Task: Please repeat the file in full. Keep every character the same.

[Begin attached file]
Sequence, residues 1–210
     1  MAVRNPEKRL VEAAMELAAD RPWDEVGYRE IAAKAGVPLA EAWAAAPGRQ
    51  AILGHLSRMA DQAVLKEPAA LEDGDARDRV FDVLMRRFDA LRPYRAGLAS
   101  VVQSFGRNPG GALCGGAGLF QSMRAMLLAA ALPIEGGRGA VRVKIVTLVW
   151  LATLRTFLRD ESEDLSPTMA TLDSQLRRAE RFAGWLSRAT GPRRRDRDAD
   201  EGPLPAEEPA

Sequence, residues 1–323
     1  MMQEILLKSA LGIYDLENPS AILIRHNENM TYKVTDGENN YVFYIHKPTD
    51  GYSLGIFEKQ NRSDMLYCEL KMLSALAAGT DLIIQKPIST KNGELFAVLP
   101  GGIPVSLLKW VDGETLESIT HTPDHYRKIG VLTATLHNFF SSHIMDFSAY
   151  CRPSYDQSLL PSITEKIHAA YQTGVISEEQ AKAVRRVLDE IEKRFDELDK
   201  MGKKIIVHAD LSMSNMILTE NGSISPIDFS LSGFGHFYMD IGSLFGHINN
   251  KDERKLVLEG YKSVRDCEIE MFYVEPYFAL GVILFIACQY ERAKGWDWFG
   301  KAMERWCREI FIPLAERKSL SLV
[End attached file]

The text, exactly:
Sequence, residues 1–210
     1  MAVRNPEKRL VEAAMELAAD RPWDEVGYRE IAAKAGVPLA EAWAAAPGRQ
    51  AILGHLSRMA DQAVLKEPAA LEDGDARDRV FDVLMRRFDA LRPYRAGLAS
   101  VVQSFGRNPG GALCGGAGLF QSMRAMLLAA ALPIEGGRGA VRVKIVTLVW
   151  LATLRTFLRD ESEDLSPTMA TLDSQLRRAE RFAGWLSRAT GPRRRDRDAD
   201  EGPLPAEEPA

Sequence, residues 1–323
     1  MMQEILLKSA LGIYDLENPS AILIRHNENM TYKVTDGENN YVFYIHKPTD
    51  GYSLGIFEKQ NRSDMLYCEL KMLSALAAGT DLIIQKPIST KNGELFAVLP
   101  GGIPVSLLKW VDGETLESIT HTPDHYRKIG VLTATLHNFF SSHIMDFSAY
   151  CRPSYDQSLL PSITEKIHAA YQTGVISEEQ AKAVRRVLDE IEKRFDELDK
   201  MGKKIIVHAD LSMSNMILTE NGSISPIDFS LSGFGHFYMD IGSLFGHINN
   251  KDERKLVLEG YKSVRDCEIE MFYVEPYFAL GVILFIACQY ERAKGWDWFG
   301  KAMERWCREI FIPLAERKSL SLV